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dc.contributor.authorKirmani, Sayyied J
dc.date.accessioned2017-06-27T10:38:01Z
dc.date.available2017-06-27T10:38:01Z
dc.date.issued2009
dc.identifier.citationOrthopedics. 2009 Oct;32(10). pii: orthosupersite.com/view.asp?rID=43764. doi: 10.3928/01477447-20090818-06language
dc.identifier.urihttps://orda.derbyhospitals.nhs.uk/handle/123456789/1090
dc.description.abstractThis article describes a retrospective cohort study that investigated whether adult midshaft clavicle fractures possessing the radiological sign of a butterfly vertical fragment demonstrate a higher rate of early and delayed surgical intervention when compared to adult midshaft clavicle fractures with no vertical fragment sign. The radiographs of 134 adult midshaft clavicle fractures were divided into 2 cohorts: those with a vertical fragment radiological sign and those without. Within each cohort, the number of cases that underwent early surgical intervention and that underwent delayed surgical intervention was noted. The vertical fragment group displayed a rate for early surgical intervention, all for skin tenting, of 8.5%, whereas the no vertical fragment group's rate was 1.1%; this proved to be significantly different (P=.0464). Furthermore, the vertical fragment group displayed a rate for delayed surgical intervention for symptomatic nonunion of 12.8%, whereas the no vertical fragment group's rate was 5.7%. Despite being twice as likely for the vertical fragment group to have undergone delayed surgical intervention, this did not prove to be statistically significant (P=.0965). This study revealed that midshaft fractures with the radiological sign of an interfragmentary vertical fragment are significantly more likely to require early surgical intervention due to skin tenting. Furthermore, these fractures are twice as likely to go into symptomatic nonunion, and in this area we may be able to improve current management by considering early surgical intervention.language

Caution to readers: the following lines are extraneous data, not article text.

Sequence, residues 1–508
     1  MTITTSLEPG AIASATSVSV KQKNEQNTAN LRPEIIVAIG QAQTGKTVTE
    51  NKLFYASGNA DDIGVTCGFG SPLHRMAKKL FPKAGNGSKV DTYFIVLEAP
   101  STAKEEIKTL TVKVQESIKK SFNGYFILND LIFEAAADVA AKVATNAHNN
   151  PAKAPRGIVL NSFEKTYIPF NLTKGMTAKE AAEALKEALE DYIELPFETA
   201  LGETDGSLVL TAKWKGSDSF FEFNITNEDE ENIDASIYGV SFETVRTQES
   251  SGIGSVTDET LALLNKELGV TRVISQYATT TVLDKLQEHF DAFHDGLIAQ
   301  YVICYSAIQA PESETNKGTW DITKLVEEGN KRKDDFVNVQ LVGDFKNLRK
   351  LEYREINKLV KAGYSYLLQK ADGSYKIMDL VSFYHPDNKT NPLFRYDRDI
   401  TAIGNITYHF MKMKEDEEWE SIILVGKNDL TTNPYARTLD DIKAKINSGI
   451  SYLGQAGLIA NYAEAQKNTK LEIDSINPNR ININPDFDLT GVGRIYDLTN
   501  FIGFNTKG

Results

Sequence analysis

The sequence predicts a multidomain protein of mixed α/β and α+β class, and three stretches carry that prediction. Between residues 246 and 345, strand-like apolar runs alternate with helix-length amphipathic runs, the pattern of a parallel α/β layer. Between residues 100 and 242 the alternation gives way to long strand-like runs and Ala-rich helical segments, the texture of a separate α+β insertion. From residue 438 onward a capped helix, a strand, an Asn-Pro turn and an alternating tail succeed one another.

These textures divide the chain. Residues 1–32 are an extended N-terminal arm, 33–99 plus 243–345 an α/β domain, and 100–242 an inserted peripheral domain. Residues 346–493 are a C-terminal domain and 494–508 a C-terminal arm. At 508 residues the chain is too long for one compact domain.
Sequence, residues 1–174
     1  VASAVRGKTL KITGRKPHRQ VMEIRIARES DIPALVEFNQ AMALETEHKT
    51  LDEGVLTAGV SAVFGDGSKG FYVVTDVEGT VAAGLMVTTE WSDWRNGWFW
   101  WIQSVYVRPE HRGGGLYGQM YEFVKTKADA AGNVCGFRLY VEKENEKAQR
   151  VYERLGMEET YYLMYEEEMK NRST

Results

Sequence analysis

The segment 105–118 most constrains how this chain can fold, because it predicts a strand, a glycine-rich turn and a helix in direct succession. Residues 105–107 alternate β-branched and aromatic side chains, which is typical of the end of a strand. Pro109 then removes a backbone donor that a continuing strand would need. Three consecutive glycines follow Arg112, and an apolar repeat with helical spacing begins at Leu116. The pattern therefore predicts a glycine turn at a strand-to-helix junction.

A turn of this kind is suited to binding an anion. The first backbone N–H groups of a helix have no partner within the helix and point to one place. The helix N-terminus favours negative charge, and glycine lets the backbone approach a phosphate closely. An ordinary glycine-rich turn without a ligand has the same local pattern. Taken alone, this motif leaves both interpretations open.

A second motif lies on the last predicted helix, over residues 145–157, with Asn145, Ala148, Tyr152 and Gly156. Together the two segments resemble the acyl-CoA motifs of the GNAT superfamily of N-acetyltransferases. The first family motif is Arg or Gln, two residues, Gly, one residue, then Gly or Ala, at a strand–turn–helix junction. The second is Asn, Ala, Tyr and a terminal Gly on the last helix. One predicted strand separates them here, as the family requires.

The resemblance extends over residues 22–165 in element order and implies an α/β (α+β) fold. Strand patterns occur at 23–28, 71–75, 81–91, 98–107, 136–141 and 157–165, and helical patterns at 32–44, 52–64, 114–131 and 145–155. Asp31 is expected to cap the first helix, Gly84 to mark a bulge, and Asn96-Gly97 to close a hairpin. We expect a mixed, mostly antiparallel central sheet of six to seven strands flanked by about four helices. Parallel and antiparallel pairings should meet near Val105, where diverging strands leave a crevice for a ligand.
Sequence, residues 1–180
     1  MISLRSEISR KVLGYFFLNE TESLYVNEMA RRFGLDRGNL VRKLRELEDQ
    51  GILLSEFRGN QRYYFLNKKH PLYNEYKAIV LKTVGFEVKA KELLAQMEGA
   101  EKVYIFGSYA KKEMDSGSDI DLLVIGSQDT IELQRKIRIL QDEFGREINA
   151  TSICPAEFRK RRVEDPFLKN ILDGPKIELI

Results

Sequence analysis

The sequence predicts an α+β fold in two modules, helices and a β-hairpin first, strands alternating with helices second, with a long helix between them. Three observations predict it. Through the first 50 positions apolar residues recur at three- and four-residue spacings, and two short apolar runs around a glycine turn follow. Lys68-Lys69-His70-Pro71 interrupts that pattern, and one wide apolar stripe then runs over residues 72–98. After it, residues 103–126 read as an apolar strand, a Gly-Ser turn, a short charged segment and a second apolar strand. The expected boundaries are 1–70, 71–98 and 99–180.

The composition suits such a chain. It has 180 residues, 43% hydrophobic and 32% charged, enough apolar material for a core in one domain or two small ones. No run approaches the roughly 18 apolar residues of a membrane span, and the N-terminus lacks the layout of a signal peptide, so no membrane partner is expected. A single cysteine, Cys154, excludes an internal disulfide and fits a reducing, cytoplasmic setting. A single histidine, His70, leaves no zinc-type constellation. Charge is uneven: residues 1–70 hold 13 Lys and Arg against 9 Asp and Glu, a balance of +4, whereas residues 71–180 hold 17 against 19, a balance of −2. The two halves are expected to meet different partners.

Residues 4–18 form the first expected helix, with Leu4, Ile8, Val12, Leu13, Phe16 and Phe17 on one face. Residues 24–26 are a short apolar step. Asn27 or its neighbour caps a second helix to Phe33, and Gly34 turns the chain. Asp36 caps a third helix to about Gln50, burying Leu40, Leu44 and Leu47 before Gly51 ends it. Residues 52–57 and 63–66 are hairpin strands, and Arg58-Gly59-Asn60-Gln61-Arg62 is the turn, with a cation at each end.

dc.language.isoenlanguage
dc.titleVertical fragment in adult midshaft clavicle fractures: an indicator for surgical interventionlanguage
dc.typeArticlelanguage


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